News / Asia

Typhoon Death Toll Rising in Southern Philippines

Residents pass by bodies recovered from flashflood in New Bataan, Compostela Valley province, southern Philippines, December 5, 2012.
Residents pass by bodies recovered from flashflood in New Bataan, Compostela Valley province, southern Philippines, December 5, 2012.
Simone Orendain
The southern half of the Philippines is reeling from a major typhoon that has so far left more than 230 people dead. The state weather bureau says Typhoon Bopha is on a northwest path from the country’s western-most island province of Palawan.

Officials say they are now focused on rescue and relief efforts after Typhoon Bopha barreled through the southern Philippines Tuesday, packing winds that peaked at 210 kilometers per hour. The powerful gusts shattered homes to splinters, uprooted trees and blew down power lines and cell towers. Heavy rains caused waist-high flooding and multiple landslides.

  • Relatives grieve as they view bodies recovered from floods in New Bataan, Compostela Valley province, southern Philippines, December 5, 2012.
  • A rescuer covers bodies recovered from a flash flood in New Bataan, Compostela Valley province, southern Philippines, December 5, 2012.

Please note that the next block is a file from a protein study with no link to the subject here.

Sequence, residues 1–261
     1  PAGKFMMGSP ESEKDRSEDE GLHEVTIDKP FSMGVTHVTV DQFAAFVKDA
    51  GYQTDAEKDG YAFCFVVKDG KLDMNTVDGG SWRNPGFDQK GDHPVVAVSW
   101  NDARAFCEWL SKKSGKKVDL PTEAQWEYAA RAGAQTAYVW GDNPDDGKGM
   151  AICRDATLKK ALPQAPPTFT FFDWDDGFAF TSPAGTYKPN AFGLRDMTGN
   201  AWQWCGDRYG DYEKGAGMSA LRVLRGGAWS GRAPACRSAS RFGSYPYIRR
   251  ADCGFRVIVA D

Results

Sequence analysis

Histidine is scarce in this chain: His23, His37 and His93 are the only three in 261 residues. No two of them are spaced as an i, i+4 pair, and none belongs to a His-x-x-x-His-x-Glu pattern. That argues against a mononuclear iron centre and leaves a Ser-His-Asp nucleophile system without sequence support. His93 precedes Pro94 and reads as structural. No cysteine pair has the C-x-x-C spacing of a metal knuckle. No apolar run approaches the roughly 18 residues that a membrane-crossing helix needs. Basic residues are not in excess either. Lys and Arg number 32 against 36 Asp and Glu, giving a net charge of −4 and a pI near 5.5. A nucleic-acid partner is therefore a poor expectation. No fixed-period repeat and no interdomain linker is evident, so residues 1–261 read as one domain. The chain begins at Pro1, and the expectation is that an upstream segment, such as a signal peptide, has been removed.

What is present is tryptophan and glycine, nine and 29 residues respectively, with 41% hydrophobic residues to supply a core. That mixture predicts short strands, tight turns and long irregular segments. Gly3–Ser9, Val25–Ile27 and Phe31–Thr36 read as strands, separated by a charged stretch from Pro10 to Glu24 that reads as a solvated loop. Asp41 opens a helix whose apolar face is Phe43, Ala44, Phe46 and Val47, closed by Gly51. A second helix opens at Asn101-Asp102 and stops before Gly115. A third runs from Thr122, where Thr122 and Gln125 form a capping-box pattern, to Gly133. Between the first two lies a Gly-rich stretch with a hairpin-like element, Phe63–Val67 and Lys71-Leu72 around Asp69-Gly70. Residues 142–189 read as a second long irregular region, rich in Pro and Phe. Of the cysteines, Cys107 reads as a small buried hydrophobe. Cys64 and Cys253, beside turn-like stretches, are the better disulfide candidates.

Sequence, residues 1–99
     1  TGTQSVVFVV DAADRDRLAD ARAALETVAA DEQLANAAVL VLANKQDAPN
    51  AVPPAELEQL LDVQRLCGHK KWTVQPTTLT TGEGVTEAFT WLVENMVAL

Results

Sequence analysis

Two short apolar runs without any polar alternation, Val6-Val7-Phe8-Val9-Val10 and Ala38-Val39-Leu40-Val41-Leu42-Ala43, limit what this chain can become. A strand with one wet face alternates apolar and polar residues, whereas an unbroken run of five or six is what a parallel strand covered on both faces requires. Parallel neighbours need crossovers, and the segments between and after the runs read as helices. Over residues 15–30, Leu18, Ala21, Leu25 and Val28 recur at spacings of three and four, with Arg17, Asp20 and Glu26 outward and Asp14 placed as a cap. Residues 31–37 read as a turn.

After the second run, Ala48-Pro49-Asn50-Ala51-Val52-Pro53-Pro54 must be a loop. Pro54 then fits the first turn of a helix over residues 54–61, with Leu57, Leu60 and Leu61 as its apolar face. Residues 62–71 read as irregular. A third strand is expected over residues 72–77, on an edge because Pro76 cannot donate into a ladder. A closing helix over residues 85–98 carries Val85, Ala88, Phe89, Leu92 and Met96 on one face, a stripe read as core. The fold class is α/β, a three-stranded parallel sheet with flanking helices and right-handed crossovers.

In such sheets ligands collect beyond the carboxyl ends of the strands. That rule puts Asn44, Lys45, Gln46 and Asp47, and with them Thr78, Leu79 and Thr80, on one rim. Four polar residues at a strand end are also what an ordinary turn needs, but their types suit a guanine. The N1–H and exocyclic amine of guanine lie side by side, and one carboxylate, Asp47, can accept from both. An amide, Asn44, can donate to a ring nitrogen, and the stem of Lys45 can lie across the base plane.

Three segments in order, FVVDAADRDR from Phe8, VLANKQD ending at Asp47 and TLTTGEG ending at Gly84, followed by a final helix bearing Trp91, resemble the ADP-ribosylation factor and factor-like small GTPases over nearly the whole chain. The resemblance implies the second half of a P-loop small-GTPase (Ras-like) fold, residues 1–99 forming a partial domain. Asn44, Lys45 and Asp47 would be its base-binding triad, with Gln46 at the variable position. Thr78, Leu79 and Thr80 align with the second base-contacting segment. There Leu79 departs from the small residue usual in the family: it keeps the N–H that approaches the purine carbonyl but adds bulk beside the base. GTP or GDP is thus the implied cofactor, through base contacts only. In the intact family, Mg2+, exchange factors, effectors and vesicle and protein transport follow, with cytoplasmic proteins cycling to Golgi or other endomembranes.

• Filipino soldiers search for victims and survivors amid the devastation left by Typhoon Bopha, in the village of Andap, New Bataan township, Compostela Valley in southern Philippines, December 5, 2012.
  • Residents cross a river in the flash flood-hit village of Andap, New Bataan township, Compostela Valley in southern Philippines, December 5, 2012.
  • Residents cross a river using suspended ropes at Andap, New Bataan township, Compostela Valley in southern Philippines, December 5, 2012, a day after Typhoon Bopha made landfall.
  • Residents wait for relief supplies at the flash flood-hit village of Andap, New Bataan township, Compostela Valley in southern Philippines, December 5, 2012, a day after the devastating Typhoon Bopha made landfall.
  • Residents make their way through a flooded area of New Bataan township, Compostela Valley in southern Philippines, December 5, 2012, a day after Typhoon Bopha made landfall.
  • Philippine National Police clear a highway of toppled coconut trees after Typhoon Bopha made landfall in Compostela Valley, December 4, 2012.
  • Workers clear a highway of toppled trees after Typhoon Bopha made landfall in Compostela Valley, Philippines, December 4, 2012.